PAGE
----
On the definition of overnight accommodation, I know there strong views on the inclusion of moorings and berthings. I have been engaging with the marine industry to understand their concerns further and their perspective. Following this helpful engagement, I can confirm the Scottish Government accepts the Committee’s recommendation to remove moorings and berthings from the scope of a visitor levy. I pay tribute to Stuart McMillan MSP who has convened meetings to enable me to discuss this issue and hear the views of industry, and I look forward to working with Mr McMillan and others to address this issue at Stage 2 of the Bill.

Another aspect of this Bill that has raised strong views, as Mr Fraser touched on, is the treatment of motorhomes and campervans. Under the Bill as introduced, a visitor levy can apply to motorhomes staying overnight on a campsite. Motorhomes or other vehicles which stay on others areas such as private land would not be captured.

The Scottish Government has considered carefully whether a levy or charge could be applied to include these activities. Discussions with council and land management stakeholders have highlighted significant issues with a levy on motorhomes with potential difficulties in application, administration and compliance and I welcome the Committee’s similar conclusions on this aspect.

I also recognise the Committee’s point that there may be further technological solutions that could allow a levy or charge on motorhomes to be developed in future. So we will continue to engage with our partners and stakeholders on this issue and will consider any developed proposals that will work to support the visitor economy.

I will now turn to the issue of exemptions from paying a visitor levy. Under the Bill as currently drafted the visitor levy will not apply to those who use overnight accommodation as their sole or usual place of residence. This means, for example, those who are homeless or at risk of homelessness, and those fleeing from domestic abuse, will not have to pay a visitor levy.

We recognise that there may be other instances where a local authority believes charging a levy would be inappropriate and that is why councils would be given the power to create their own exemptions when designing their levy schemes. I note the Committee has asked the Government to consider whether national exemptions should be created for children and young people and I am happy to confirm the Scottish Government will consider this suggestion further.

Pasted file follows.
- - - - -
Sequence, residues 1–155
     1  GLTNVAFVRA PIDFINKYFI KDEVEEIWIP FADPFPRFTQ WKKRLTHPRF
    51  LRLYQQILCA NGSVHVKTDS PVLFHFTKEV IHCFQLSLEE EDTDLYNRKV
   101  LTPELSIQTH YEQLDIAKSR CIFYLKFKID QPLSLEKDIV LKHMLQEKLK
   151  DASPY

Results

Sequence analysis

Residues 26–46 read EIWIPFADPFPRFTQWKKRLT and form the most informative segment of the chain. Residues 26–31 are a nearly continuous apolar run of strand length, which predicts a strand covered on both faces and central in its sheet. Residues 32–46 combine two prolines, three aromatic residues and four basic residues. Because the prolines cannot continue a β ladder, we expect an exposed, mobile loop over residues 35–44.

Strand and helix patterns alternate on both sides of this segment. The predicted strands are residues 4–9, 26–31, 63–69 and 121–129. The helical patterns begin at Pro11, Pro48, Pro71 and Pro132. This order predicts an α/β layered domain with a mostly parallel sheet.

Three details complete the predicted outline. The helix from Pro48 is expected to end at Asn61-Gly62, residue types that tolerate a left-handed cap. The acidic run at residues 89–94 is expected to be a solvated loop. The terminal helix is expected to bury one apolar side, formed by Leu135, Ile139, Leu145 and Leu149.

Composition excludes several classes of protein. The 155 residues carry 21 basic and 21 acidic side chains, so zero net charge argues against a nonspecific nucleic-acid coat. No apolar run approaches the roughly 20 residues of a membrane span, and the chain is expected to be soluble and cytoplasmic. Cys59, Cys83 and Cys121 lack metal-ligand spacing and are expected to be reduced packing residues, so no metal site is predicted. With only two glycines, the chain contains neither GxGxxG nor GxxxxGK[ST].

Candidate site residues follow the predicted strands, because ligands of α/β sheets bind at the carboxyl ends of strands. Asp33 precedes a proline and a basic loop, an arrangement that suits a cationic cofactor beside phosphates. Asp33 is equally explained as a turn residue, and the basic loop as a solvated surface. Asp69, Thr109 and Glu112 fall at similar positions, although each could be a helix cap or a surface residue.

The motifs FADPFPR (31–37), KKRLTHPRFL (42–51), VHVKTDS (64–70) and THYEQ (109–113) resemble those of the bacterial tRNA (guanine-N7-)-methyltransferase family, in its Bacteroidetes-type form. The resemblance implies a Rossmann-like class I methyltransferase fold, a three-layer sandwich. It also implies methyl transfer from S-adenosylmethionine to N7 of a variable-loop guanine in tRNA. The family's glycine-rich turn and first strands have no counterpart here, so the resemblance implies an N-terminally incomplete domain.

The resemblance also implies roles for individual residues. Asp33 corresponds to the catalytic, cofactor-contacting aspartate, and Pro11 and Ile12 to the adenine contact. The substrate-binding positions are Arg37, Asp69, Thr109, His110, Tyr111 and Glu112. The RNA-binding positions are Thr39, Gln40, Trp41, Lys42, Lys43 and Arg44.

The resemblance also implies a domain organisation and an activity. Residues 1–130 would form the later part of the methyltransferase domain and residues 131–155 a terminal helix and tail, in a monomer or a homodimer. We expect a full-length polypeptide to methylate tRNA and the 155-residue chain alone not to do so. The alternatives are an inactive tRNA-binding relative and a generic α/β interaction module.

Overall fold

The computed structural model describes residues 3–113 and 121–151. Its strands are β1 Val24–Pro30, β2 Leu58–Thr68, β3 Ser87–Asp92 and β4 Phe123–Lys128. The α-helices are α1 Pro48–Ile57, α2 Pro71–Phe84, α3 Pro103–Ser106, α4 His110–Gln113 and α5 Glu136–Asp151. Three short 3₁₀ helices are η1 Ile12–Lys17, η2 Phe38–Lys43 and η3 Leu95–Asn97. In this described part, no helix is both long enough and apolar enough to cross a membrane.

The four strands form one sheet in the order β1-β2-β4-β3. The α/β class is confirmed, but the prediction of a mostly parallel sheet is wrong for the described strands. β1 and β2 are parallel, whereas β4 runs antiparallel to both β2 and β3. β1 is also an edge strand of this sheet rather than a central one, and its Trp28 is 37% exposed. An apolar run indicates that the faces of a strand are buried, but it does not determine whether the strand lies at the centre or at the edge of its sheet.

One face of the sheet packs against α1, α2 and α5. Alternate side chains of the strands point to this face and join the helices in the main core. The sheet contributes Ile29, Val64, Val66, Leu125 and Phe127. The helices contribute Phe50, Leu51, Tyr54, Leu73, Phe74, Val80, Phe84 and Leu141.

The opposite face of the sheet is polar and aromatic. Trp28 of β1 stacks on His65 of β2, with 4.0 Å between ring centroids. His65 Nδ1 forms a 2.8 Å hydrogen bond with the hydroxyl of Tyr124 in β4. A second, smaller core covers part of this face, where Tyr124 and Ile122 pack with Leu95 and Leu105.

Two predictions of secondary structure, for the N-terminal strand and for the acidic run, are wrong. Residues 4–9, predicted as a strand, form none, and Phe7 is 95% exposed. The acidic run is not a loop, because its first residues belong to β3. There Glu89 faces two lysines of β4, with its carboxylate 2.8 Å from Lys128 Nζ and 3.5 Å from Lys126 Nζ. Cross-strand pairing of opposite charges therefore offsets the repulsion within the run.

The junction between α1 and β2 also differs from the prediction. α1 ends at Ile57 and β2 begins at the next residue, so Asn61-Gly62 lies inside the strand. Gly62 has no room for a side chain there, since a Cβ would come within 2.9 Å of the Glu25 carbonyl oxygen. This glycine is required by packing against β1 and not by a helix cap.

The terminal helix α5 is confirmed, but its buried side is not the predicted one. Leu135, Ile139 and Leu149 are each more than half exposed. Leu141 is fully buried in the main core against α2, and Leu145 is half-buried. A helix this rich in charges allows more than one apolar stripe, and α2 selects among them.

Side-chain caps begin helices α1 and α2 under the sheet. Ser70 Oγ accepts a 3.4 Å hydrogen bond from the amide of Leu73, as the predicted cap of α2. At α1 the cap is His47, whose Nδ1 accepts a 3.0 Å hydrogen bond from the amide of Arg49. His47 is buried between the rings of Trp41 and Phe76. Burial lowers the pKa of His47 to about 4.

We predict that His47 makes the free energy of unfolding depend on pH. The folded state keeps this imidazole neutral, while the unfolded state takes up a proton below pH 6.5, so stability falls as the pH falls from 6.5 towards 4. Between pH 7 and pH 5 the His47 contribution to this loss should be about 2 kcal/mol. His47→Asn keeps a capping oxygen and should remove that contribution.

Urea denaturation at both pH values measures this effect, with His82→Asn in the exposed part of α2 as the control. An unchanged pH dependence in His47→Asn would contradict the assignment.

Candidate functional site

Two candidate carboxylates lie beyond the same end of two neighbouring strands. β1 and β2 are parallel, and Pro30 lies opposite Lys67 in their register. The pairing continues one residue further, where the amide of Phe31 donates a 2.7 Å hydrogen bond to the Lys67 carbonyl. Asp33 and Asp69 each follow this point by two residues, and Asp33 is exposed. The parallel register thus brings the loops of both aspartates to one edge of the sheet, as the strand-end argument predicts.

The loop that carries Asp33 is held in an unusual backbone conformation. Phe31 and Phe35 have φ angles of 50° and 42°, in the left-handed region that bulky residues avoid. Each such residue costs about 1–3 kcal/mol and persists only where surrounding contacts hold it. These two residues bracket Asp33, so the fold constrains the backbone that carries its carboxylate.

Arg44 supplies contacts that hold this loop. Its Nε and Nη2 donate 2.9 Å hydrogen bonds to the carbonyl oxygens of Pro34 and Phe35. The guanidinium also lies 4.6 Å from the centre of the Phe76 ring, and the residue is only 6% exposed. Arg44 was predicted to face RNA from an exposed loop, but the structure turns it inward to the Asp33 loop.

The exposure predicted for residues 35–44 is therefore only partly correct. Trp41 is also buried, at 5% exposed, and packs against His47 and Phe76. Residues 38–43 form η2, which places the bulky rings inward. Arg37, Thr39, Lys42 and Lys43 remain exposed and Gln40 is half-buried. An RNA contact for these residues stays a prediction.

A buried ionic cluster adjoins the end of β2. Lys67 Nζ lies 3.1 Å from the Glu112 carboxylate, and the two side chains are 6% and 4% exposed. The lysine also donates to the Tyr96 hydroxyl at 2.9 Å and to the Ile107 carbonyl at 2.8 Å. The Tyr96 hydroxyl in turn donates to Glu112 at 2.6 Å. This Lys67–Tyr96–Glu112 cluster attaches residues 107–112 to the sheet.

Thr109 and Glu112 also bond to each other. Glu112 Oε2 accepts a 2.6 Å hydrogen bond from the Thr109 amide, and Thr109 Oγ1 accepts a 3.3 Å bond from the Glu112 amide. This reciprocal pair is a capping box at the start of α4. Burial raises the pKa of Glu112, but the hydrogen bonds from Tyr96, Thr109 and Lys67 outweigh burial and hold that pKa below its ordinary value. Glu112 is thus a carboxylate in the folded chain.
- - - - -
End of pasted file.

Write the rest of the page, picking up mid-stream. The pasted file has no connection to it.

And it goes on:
Presiding Officer, on the lead-in time required before a local authority can implement its levy, I note the comments from the Committee. I appreciate the desire from those councils who have already undertaken work on a visitor levy to use this new power as soon as possible. However, I am keenly aware of the strong support from the hospitality and tourism industry for the 18-month period as it gives businesses the necessary time to put in place measures to effectively collect the levy. This is an issue of real importance to the tourism industry and I have listened to their arguments carefully. The Scottish Government therefore considers the 18-month implementation period an appropriate length of time, giving businesses the time they will need to adapt to any visitor levy a local authority introduces.

I have also noted the Committee’s call to consider allowing funds raised by a visitor levy to be invested in services or facilities used by visitors travelling for business purposes. We have listened to local government and others on this point and will consider how the provisions in the Bill on the use of funds can be best refined at Stage 2 to include services or facilities used by those visiting the area for businesses purposes.

And the final point again, as I say, we have also recognised calls for a national cap on the levy rate and we will consider that ahead of Stage 2.

This is a new power that will enhance local government and can be an opportunity to create opportunities for significant revenue generation for investment in our local tourist economies. 

It will be a discretionary power should the legislation be passed. 

So Presiding Officer, I move the motion in my name.